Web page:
Berkshire Strong Out of the Gate in 2013
Book value per Class A equivalent share at the end of the first quarter was $120,525--up 13% year over year and up more than 5% over the fourth quarter of 2012.
Ahead of its annual meeting this weekend, wide-moat rated Berkshire Hathaway (BRK.A) (BRK.B) released results for the first quarter of 2013 that were much stronger than those from the year-ago period. First-quarter revenue increased 15% year over year to $43.9 billion on improved operating results from each of its operating segments. With expenses rising at a much slower rate than revenue, and most of the gains from investments and derivatives falling straight down to the bottom line, Berkshire reported a 49% increase in pretax earnings (to $5.0 billion) and a 51% increase in net earnings (to $4.8 billion). Stripping out the impact of investments and derivatives, operating earnings increased 42% to $3.8 billion. Net earnings per Class A equivalent share were $2,977.
Book value per Class A equivalent share at the end of the first quarter was $120,525--up 13% year over year and up more than 5% over the fourth quarter of 2012. This in line with our expectations, which had called for Berkshire's book value per share to increase to at least $118,000 per Class A share (or $79 per Class B share) during the period. The company also closed out the first quarter with $49.1 billion in cash on its books, up from $47.0 billion at the end of last year. It should be noted, though, that $12.1 billion of that total is slated for the Heinz (HNZ) deal, which received shareholder approval at the end of April, and is expected to close sometime this summer. It should also be noted that Warren Buffett tends to prefer to keep around $20 billion on hand as a backstop for its insurance business.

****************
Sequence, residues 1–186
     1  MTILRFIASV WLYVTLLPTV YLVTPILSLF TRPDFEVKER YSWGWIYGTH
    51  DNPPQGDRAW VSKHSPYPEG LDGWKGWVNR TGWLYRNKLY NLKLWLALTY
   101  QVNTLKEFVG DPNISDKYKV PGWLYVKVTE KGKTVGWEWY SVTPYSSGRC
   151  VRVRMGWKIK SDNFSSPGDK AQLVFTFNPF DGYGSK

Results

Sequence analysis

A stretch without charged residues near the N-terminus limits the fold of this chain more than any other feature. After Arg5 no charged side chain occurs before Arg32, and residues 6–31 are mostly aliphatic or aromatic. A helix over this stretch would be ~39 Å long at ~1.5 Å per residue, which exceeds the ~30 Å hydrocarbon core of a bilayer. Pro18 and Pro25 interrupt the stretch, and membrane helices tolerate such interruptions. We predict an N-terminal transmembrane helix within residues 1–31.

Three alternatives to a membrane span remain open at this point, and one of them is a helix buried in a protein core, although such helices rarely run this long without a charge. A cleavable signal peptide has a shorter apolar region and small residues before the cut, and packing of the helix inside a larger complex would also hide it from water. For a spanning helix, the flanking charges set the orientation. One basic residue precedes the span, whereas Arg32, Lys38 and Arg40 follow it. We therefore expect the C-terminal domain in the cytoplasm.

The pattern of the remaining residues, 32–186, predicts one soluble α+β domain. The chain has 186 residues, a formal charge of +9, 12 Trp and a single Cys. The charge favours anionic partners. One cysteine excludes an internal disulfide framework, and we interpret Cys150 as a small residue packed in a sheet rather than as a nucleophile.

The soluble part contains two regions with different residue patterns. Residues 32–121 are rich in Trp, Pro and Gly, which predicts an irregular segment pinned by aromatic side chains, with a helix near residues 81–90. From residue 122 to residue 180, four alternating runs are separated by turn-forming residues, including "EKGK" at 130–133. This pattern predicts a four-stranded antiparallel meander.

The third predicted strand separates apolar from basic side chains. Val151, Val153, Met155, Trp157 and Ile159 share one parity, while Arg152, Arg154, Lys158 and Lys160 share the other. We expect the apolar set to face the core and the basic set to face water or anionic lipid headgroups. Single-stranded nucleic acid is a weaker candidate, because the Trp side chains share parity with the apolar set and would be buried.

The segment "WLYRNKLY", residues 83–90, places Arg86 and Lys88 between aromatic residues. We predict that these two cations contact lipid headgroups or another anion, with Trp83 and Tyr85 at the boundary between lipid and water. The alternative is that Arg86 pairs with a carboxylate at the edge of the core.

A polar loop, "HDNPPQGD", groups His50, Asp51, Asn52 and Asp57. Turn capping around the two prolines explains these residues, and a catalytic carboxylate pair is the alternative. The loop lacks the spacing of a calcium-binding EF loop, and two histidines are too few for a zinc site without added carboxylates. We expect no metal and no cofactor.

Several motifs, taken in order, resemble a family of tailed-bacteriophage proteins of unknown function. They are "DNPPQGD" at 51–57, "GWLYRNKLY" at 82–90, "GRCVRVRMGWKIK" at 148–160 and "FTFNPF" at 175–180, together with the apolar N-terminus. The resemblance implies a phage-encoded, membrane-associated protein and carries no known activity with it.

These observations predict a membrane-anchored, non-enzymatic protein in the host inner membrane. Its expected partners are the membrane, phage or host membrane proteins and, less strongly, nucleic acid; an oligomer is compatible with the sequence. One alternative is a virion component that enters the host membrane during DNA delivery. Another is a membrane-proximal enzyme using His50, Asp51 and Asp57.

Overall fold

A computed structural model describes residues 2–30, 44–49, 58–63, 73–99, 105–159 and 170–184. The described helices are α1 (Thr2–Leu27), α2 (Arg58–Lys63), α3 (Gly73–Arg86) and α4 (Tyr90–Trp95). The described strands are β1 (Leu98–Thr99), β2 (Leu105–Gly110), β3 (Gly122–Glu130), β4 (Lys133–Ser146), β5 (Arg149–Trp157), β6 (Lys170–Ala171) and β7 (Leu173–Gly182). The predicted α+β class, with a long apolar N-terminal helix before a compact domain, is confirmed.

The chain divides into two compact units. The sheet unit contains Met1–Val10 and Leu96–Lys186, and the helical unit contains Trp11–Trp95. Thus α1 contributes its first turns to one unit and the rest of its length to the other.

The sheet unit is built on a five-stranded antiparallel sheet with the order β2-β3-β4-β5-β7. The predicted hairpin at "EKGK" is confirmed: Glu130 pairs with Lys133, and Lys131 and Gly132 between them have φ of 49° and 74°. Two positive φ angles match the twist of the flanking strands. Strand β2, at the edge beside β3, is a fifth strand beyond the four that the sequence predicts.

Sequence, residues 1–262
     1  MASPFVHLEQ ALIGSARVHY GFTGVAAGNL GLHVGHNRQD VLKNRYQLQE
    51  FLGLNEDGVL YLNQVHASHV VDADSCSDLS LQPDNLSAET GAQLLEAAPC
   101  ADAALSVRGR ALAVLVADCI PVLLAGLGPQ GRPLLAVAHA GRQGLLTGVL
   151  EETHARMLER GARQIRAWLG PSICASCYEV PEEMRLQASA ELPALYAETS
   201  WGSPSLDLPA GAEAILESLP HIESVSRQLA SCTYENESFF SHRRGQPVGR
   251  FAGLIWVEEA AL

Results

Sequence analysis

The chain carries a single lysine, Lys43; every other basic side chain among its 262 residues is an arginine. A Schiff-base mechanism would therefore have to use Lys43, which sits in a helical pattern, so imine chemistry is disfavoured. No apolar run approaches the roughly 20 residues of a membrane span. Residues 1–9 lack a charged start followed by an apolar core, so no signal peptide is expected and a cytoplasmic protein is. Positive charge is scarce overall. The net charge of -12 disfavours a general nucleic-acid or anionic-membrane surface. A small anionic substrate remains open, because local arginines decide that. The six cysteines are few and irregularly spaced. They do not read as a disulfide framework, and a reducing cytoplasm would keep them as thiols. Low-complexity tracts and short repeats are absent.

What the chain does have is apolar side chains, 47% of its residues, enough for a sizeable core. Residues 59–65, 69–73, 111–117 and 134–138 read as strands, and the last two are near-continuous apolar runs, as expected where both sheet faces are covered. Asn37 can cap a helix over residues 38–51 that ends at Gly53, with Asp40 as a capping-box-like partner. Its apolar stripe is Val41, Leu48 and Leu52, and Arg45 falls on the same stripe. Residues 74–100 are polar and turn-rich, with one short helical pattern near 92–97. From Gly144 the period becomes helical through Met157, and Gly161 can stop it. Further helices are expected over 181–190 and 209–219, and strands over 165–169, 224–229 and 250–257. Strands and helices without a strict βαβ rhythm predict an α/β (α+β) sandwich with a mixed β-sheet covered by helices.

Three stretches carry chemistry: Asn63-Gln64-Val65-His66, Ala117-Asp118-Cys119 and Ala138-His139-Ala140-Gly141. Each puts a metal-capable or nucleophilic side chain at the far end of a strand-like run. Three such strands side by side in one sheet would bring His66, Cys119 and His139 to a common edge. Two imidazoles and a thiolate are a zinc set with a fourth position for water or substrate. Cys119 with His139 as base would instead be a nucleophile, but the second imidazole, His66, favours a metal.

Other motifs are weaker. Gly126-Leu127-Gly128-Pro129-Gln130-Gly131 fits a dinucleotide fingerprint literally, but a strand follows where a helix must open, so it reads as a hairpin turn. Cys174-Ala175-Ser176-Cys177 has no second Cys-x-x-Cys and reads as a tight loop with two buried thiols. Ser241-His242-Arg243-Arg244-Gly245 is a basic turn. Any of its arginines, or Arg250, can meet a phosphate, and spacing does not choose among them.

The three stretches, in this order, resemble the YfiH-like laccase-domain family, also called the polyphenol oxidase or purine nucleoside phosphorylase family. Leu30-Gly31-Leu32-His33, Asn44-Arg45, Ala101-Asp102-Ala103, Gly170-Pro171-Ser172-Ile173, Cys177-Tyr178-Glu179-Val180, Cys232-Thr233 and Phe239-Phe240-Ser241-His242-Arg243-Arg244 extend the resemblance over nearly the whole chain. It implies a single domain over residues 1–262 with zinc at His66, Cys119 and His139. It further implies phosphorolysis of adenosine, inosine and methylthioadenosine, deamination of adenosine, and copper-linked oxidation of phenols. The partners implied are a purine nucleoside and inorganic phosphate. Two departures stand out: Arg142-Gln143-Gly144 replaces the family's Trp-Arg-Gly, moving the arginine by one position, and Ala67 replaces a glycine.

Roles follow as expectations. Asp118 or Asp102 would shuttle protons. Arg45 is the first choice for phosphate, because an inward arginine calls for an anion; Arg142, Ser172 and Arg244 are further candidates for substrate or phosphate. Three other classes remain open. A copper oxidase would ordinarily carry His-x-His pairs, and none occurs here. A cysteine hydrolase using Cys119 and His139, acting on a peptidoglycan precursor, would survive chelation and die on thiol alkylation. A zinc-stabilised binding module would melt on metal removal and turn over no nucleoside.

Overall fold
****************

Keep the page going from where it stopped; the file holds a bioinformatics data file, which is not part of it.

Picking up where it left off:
Greggory Warren does not own (actual or beneficial) shares in any of the securities mentioned above. Find out about Morningstar’s editorial policies.